In the book The Devil's Arithmetic, why does Grandpa Will get upset when discussing the war or seeing Nazi soldiers on television?
Grandpa Will gets very upset when discussing the war or seeing Nazi soldiers on television because his experience as a prisoner in the concentration camp during World War II was as horrific as can be imagined. At the camp, Grandpa, who was only a teenager at that time, was assigned the job of carrying the body of dead Jews to the ovens to be burned. His task was so traumatic that he became a musselman, someone who decides "that life is not worth fighting for," and just goes through the motions of living each day in a haze. Grandpa Will, who was called by his real name "Wolfe" in camp, did survive his ordeal, but the experience left his mind forever unstable. He does manage to live a fairly normal life after the war, marrying and having a child, but he is subject to periodic rages which are triggered by images which remind him about what happened in the camp.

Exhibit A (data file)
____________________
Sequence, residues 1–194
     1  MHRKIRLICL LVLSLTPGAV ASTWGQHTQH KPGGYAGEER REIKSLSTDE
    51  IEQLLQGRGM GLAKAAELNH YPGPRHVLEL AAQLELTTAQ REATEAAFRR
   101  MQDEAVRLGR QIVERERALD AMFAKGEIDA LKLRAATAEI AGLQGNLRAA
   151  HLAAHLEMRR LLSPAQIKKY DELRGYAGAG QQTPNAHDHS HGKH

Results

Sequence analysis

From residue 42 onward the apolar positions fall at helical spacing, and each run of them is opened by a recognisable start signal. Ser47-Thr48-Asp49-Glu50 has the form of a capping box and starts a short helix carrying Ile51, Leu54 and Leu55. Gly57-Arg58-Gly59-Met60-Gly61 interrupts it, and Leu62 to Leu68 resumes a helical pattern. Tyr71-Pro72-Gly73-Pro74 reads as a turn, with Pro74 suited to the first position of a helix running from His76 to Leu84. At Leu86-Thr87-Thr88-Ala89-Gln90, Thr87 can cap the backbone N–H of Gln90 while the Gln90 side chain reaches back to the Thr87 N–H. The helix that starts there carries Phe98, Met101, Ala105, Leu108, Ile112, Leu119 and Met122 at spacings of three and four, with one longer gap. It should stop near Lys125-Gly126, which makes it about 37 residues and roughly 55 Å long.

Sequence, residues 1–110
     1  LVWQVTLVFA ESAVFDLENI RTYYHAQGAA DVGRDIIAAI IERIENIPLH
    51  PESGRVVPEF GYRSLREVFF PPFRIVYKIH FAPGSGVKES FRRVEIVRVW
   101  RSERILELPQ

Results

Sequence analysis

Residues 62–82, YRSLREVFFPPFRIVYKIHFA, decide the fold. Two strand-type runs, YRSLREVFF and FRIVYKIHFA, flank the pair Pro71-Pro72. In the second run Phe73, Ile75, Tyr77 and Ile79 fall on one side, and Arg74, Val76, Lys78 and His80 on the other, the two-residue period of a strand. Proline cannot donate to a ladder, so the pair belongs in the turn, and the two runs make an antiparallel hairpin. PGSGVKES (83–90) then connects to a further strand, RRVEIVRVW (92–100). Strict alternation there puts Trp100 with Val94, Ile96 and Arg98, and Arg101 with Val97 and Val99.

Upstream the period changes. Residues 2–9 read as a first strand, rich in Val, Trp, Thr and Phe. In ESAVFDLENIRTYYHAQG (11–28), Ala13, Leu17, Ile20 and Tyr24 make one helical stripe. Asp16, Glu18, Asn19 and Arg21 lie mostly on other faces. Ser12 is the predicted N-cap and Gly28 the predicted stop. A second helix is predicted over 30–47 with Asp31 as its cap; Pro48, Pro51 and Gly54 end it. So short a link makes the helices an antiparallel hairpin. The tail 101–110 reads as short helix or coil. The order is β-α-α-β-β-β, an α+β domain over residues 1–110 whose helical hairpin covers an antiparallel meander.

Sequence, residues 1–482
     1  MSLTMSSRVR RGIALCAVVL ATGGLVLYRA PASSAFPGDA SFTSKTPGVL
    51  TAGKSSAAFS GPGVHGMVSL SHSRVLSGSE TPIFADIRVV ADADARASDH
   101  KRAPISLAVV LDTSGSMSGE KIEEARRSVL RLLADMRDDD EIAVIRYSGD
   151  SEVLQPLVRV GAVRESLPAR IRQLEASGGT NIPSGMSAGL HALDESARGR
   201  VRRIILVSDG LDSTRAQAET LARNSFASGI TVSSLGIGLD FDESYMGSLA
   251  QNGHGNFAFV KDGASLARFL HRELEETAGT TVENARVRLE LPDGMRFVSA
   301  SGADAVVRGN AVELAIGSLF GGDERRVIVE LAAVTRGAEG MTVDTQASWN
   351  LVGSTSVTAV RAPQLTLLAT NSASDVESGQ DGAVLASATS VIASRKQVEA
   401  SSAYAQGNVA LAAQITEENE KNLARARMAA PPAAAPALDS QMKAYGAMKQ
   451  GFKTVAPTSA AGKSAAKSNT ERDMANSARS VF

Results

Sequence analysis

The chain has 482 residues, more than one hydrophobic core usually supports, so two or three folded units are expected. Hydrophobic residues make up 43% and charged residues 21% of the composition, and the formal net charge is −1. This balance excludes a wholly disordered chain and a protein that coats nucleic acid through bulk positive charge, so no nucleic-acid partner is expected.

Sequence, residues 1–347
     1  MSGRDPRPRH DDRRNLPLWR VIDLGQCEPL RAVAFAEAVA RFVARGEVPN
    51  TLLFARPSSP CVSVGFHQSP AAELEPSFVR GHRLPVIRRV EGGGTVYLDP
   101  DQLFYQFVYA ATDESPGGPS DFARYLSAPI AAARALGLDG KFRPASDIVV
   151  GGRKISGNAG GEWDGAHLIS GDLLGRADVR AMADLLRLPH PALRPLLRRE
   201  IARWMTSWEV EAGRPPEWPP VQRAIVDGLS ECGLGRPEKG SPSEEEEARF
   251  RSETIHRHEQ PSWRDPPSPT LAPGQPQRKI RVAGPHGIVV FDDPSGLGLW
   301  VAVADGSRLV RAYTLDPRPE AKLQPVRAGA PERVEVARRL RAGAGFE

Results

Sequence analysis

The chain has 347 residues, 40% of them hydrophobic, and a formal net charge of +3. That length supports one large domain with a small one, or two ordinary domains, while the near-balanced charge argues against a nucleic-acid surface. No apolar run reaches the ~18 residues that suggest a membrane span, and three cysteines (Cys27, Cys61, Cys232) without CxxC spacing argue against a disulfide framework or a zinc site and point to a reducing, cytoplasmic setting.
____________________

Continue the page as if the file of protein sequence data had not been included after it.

When Hannah and her family arrive at Grandpa Will's house to celebrate Passover, Grandpa Will is watching television,
"waving his fist and screaming at the screen. Across the screen (march) old photos of Nazi concentrations camp victims, corpses stacked like cordwood, and dead-eyed survivors."
As the horrible images flash by, Grandpa sits shouting incoherently at the TV, holding up his left arm to show the tattoo that is forever etched there, the five-digit number which identified him as a prisoner in the camp. Aunt Eva apologizes for her brother Will, and the adults present seem to understand Grandpa acts the way he does. Hannah, however, does not know the full impact of what went on during the war, and is a little annoyed. It is only after she herself is mysteriously transported back in time to the camp that Hannah realizes the full implications of the atrocities that were visited upon the Jews and other victims of Hitler's regime during that infamous time.